Surface-enhanced infrared absorption (SEIRA) spectroscopy has proven a valuable tool for non-destructive detection and identification, but with a key issue: Relying, as they do, on molecular vibrations interacting with and absorbing infrared light they become increasingly difficult to make: Tiny nanophotonic structures are built to create large numbers of “hot spots” where the weak effect is amplified, but the smaller the structures the harder it is to ensure that the molecules to be analyzed make their way where they’re needed.
It’s this problem a trio of researchers at the University of Buffalo and the Center for Integrated Nanotechnologies at Sandia National Laboratories claims to have solved, using a novel nanopatch antenna design which relies on a layer of liquid metal for its ground plane — and which can be quickly cleaned and reused, making it cost-effective and suitable for point-of-care medical sensing of materials down to a single molecule.
Simplifying the structure
Traditional SEIRA sensors are constructed from assembled supercrystals of metal nanoparticles or by transferring graphene — the one-atom-thick allotrope of carbon which has found a use in a wide variety of fields — to from sensor structures, which first author Xianglong Miao and colleagues say is too complex for use in point-of-care applications.
Their proposal: A SIERA sensor made from an array of metallic nanostrips, a nanometric dieletric layer, and a metallic ground plane of liquid metal — gallium, in their prototypes, heated to just over room temperature and applied quickly and easily by pressing the sensor down into a small pool of the metal.
“The fluidic nature of liquid gallium allows it to be straightforwardly spread on the analyte film [of molecules to be analysed] and form the nanopatch antenna structures without the need for any bulky equipment such as a metal evaporator,” the team explains. “Such a sensor design and preparation procedure also makes the delivery of analytes into the nanometric sensing hot spots convenient and efficient.”
The prototype sensors themselves were constructed by using electron-beam lithography to pattern glass or calcium fluoride substrates, then depositing 70nm-thick layer of gold. The analyte molecule film was applied using physical and chemical adsorption or spin-coating, depending on the particular prototype, and the gallium layer added by pushing the metal, heated to 30°C (86°F), through a syringe into a glass holder before scraping off the layer of gallium oxide which formed and pressing the sensor chip against the puddle.
“Compared with the conventional methods of depositing solid noble metals, such as evaporation or sputtering,” the researchers claim, “this method of coating liquid metal to complete the sensor structures in simple and quick to operate and it does not require expensive and bulky equipment, which significantly reduces the cost and is suitable for point-of-care sensing applications.”
Highly sensitive sensors
Simple, quick, and cheap are all fantastic qualities in a sensor — but they’re meaningless if the sensor can’t sense. Thankfully, that’s not the case here: The team’s testing on detection of octadecanethiol (ODT), as well as a second larger-scale sensor for polymethylmethacrylate (PMMA), demonstrated a performance notably higher than rival SIERA sensors — as well as of reference sensors the team created using a more traditional noble metal ground plane.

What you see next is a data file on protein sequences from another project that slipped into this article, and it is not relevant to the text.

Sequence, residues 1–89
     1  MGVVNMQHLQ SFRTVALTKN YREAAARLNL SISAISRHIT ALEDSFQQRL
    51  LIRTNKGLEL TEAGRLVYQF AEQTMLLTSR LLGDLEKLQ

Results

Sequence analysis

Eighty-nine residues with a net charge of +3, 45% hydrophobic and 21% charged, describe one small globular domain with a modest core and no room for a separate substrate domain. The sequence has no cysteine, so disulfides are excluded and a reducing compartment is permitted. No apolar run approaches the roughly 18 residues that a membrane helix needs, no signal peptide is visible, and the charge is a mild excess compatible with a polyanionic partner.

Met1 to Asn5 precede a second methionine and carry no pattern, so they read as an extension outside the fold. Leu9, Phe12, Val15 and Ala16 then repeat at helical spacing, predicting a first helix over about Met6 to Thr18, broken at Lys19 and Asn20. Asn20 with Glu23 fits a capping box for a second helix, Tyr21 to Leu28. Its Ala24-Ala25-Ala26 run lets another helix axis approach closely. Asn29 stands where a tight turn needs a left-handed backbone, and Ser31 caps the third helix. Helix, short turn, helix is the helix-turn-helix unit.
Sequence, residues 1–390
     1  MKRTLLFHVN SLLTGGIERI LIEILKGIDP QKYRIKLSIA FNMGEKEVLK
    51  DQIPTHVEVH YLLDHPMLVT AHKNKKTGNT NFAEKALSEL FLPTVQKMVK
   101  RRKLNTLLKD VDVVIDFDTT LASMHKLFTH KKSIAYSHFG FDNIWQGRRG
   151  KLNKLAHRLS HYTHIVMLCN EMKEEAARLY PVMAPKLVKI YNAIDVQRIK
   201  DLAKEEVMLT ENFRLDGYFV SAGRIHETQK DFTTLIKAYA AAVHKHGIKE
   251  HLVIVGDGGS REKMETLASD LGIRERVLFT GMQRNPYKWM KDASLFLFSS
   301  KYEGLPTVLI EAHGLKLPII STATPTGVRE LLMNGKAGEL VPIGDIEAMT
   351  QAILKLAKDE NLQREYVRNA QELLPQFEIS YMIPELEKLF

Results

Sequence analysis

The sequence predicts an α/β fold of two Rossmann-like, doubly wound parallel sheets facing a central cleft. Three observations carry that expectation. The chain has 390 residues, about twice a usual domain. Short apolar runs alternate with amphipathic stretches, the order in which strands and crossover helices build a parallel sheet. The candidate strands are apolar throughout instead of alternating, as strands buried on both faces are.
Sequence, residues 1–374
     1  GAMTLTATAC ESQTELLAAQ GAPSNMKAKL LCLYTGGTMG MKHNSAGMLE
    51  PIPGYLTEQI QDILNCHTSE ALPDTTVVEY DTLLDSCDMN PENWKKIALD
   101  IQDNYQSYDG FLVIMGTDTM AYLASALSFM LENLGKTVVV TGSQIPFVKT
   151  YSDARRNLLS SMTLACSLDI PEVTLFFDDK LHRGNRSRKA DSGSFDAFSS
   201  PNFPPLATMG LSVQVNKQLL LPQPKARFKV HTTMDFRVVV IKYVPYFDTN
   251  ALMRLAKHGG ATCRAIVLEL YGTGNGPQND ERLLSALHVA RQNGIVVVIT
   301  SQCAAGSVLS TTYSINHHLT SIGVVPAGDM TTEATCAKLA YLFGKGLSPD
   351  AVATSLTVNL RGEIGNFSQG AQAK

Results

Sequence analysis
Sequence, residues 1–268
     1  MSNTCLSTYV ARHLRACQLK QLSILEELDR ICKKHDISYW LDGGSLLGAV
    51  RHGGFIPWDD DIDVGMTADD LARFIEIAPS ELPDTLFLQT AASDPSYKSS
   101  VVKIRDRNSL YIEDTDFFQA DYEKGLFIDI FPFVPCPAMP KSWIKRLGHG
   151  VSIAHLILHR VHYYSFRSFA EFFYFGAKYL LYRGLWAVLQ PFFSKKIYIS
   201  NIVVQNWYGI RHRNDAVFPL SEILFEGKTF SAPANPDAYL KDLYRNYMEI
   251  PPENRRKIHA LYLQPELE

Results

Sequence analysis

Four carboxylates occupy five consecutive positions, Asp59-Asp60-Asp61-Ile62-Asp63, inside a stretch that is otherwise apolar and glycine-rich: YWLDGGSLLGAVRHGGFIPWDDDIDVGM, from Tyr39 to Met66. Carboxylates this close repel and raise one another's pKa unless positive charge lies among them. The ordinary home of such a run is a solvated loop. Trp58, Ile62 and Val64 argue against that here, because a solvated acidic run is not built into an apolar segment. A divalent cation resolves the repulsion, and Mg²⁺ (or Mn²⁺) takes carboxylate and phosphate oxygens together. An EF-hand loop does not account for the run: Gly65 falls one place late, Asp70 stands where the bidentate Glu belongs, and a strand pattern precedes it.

“Our liquid-gallium-based sensor structures not only allow for simple and cost-effective device fabrication,” the team conclude, “but also lead to superior field enhancement and sensitivity performance.”
Those aren’t the only advantageous qualities the team highlight in the paper, however: Once the sensor had been measured optically, removal of the chip from the small pool of liquid gallium into which it had been pressed proved enough to also remove the gallium from the chip itself without residue — meaning the chip can be immediately re-used for subsequent analysis of the same analyte molecules or, for analytes which can be easily cleaned off, entirely recycled for a fresh sensing application.
While the results are impressive, though, there’s still work to be done. In particular, the team is confident the already-leading-edge performance of the sensors can be further enhanced through a process which would remove surface roughness from the gold nanostrip layer in order to reduce the minimum effective gap size of the nanopatch antenna structures.
There is also room to investigate the sensors’ suitability for a range of applications beyond those detailed within the paper, the researchers suggest, including index sensing, surface-enhanced Raman scattering sensing, non-linear optics, and cavity quantum electrodynamics — plus, of course, its potential for use in the medical field.
“The structure of our sensor makes it suitable for point-of-care applications that can be implemented by a nurse on a patient,” corresponding author Peter Q. Lui, assistant professor at the University of Buffalo School of Engineering and Applied Sciences, suggests in support of the work, “or even outside the hospital in a patient’s home.”
The team’s work has been published in Advanced Materials under early-access terms; data from the study are available from the corresponding author upon request.
Xianglong Miao, Ting Shan Luk, Peter Q. Liu: Liquid-Metal-Based Nanophotonic Structures for High-Performance SEIRA Sensing, Advanced Materials 2022, 2107950. DOI 10.1002/adma.202107950